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Cat StrawbridgeNIPTPregnancyWomen's Health

Cat on NIPT

Cat on NIPT

May 25, 2021

As part of our series on NIPT (Non-Invasive Prenatal Testing), we’ve asked Cat Strawbridge, fertility patient and host of the Finally Pregnant podcast, to talk about her experiences and her thoughts on the subject.

As part of our series on NIPT (Non-Invasive Prenatal Testing), we’ve asked Cat Strawbridge, fertility patient and host of the Finally Pregnant podcast, to talk about her experiences and her thoughts on the subject.

Having spent 6 years trying to conceive, a time which included multiple rounds of fertility treatment and, sadly, pregnancy loss, I had had my fair share of medical appointments and hand holding, even before I was finally pregnant.

It is incredibly reassuring to be supported through what is a difficult and emotional time when you’re trying to grow your family. You also become very accustomed to knowing way more than you ever expected about your cycles, eggs, follicles, sperm, Wanda – as many fertility patients refer to her (more commonly known as an ultrasound probe for internal vaginal ultrasounds) – and myriad other acronyms and medical language. It really is a whole new world!

If we are lucky enough for our treatment to work, we then enter a new anxiety level we need to navigate.

We have been through so much to get here, we’ve put in hours, days, months even years for those two lines saying we’re pregnant. But, having been watched so closely through the trying-to-conceive phase, fertility patients often miss this interaction with health professionals once pregnant. A recent survey showed that 69% of fertility clinics don’t offer ongoing support once pregnant. Whilst our NHS maternity pathway is great, it offers significantly less appointments throughout the pregnancy than we might want.

How can we help ourselves?

We can mitigate this anxiety by continuing to gather information about our pregnancy over and above what might be available to us on the NHS. One of the ways we can do this is to have more scans (I averaged one every 10 days through the first 16 weeks of my pregnancy). Another way is to find out more through chromosomal testing.

There are different kinds of chromosomal testing, but the safest are Non-Invasive Prenatal Tests, or NIPT.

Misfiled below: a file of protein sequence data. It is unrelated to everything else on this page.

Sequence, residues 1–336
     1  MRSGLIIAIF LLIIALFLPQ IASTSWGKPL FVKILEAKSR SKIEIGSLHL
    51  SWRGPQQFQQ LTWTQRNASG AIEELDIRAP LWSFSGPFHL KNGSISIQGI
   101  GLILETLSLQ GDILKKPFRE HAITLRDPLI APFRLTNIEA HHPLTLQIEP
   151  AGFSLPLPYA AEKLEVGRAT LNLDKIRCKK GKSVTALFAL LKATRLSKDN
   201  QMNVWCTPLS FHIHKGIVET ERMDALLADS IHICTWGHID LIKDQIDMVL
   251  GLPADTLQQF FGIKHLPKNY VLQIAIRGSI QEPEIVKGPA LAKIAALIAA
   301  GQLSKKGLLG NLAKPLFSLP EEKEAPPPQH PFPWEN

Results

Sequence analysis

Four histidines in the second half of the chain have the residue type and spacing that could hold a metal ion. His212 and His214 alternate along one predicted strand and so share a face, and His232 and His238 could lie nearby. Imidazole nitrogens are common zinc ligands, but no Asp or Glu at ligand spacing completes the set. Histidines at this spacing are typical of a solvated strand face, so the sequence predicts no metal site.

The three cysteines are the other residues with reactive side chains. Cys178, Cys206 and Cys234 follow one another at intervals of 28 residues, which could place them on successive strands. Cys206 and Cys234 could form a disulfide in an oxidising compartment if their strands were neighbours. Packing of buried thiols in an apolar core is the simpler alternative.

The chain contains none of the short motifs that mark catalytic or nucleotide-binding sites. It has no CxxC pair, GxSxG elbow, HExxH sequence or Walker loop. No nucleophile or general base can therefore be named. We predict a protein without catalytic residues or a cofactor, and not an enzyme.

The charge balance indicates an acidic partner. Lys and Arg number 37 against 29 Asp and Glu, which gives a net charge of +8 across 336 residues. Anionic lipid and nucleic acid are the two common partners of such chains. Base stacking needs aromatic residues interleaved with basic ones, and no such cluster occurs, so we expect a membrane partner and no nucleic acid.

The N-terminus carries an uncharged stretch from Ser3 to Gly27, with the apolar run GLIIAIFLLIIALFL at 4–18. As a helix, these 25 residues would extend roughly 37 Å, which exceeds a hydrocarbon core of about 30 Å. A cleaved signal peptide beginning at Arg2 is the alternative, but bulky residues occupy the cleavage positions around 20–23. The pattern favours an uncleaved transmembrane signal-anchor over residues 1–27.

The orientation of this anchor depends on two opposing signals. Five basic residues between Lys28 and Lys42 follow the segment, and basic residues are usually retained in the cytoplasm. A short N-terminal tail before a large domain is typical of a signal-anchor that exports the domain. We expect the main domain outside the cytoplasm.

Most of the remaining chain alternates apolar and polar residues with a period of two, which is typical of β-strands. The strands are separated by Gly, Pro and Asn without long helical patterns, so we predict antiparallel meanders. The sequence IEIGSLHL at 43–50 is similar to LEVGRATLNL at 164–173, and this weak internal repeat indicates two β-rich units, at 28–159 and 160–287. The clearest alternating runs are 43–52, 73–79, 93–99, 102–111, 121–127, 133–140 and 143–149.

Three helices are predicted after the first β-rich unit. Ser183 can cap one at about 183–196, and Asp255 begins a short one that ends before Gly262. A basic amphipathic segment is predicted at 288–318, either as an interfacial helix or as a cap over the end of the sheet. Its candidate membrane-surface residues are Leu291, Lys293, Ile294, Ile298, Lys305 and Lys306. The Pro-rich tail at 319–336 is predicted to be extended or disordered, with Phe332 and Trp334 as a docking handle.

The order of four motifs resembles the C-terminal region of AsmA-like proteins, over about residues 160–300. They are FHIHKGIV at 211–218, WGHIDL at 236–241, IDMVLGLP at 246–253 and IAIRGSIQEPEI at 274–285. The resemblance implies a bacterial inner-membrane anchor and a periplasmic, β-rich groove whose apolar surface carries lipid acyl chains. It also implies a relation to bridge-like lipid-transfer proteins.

Isn’t NHS Testing Enough?

For some, the testing available on the NHS might be enough. But for those who want to quench that thirst for knowledge further and to hopefully recreate some of the reassurance we felt during our treatment, we need more.

When I asked my community of over 10,000 people on instagram they gave the following reasons for wanting more detailed chromosomal testing.

  • Handholding through treatment

  • The wait for NHS testing was too long

  • Wanted the most accurate screening possible

  • Age

  • Reassurance

  • To find out the sex

  • Anxiety around previous poor quality embryos

  • Anxiety due to previous losses

In my case, I definitely planned to have further testing. However, it turns out in rare cases it’s just not possible. We had a single embryo transfer, but our embryo split and we were expecting identical twins. Sadly, when we went for our scan at 10 weeks, one of our babies had stopped developing which meant the results of any testing would be void. It is an uncommon complication and one that led us to explore routes such as amniocentesis which is much more invasive than a blood draw or scan needed for a NIPT test. Amniocentesis comes with a 1 in 100 risk of miscarriage due to infection. It was a risk we decided against taking. The result of these events left me even more bereft of that joyful pregnant feeling I had so hoped for.

As we head into further treatment, I am optimistic about expanding our family further. And if we are lucky enough to get pregnant again, I anticipate that we will once again look for that additional information and support throughout the pregnancy. A NIPT test will be part of that.

Cat Strawbridge is host of the Finally Pregnant podcast. She is a fertility patient and consultant advocating on behalf of those trying to conceive, and pregnant and parenting after infertility and loss. Find out more at www.catstrawbridge.com or head to her instagram @tryingyears.

By Cat Strawbridge, May 2021